Psychosocial Risk Factors for Child Welfare among Postpartum Mothers with a History of Childhood Maltreatment and Neglect.
ABSTRACT: Background: Childhood maltreatment (CM) can increase the risk of psychosocial risk factors in adulthood (e.?g. intimate partner violence, financial problems, substance abuse or medical problems). The transition to parenthood presents those affected by CM with particular challenges, in addition to usual birth-related stressors. Methods: In this cross-sectional study a total of 240 women were interviewed in the puerperium with respect to CM experiences, using the German version of the Childhood Trauma Questionnaire (CTQ). Current psychosocial risk factors (e.?g. financial concerns, maternal mental illness, single parent) were assessed using the Constance Index (KINDEX) for early childhood risk factors. Associations between CM experience and psychosocial risk factors were calculated using simple correlation. Results: The average age of participants was 33 years. On the CTQ 13.8?% of participants reported emotional abuse, 6.7?% physical abuse and 12.5?% sexual abuse, while 32.1?% reported emotional neglect and 7.5?% physical neglect during childhood. With rising severity of CM, more psychosocial risk factors (KINDEX) were present. Conclusions: This study shows a clear association between experiences of maltreatment during childhood and the presence of psychosocial stressors among women in the puerperium. Regular screening for a history of CM and parental psychosocial stressors should be conducted early, i.e. during pregnancy, to avoid negative consequences for the child.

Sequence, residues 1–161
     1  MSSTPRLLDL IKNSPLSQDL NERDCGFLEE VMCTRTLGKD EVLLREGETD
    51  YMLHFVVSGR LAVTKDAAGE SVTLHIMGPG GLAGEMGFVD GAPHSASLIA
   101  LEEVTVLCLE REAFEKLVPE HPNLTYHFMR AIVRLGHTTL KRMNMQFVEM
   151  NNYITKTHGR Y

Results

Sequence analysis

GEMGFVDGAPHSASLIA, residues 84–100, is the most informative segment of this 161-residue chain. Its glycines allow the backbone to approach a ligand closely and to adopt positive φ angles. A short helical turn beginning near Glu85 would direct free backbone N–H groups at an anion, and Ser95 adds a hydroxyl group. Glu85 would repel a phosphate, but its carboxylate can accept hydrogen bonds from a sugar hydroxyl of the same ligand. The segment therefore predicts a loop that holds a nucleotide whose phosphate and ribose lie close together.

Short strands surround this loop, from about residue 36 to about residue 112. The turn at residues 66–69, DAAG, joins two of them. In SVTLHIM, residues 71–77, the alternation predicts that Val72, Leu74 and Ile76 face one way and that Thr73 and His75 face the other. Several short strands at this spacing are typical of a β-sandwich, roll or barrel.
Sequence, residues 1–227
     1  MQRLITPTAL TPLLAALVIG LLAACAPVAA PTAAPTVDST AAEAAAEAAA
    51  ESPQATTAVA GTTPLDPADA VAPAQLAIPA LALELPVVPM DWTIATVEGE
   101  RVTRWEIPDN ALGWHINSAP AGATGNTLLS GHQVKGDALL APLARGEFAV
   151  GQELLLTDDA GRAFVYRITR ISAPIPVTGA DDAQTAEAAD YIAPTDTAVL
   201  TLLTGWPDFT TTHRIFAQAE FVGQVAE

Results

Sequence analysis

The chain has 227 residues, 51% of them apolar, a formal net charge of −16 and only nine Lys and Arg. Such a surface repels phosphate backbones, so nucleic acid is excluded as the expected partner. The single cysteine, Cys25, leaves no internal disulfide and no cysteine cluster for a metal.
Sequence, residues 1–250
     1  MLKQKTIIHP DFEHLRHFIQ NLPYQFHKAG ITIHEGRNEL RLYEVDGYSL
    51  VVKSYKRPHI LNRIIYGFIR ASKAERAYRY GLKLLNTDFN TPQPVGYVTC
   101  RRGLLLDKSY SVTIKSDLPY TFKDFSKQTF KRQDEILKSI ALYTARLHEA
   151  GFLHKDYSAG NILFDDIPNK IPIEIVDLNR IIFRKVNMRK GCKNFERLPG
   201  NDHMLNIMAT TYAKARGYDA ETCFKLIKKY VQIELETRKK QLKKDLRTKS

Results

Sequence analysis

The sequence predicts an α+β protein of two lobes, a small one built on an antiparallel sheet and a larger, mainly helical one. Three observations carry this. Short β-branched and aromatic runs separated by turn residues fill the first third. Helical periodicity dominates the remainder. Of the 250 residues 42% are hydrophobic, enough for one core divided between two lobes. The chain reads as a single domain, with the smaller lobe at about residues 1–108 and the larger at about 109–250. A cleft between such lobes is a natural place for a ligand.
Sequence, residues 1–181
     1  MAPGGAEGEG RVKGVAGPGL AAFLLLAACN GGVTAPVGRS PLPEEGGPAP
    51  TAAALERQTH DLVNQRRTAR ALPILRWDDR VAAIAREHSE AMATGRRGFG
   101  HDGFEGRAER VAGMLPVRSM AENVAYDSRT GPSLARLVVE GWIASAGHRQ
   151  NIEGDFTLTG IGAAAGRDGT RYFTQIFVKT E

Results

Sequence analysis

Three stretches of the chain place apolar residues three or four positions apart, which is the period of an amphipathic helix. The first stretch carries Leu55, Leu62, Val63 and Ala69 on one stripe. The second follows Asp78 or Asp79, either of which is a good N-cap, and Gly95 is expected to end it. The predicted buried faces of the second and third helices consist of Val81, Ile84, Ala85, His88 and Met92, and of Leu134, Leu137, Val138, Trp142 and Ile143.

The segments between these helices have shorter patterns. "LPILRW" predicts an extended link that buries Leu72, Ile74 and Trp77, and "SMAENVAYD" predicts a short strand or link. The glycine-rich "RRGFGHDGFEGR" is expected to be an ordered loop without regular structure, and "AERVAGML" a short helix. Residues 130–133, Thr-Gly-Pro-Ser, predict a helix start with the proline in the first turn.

PROVIDER: S-EPMC4824627 | BioStudies |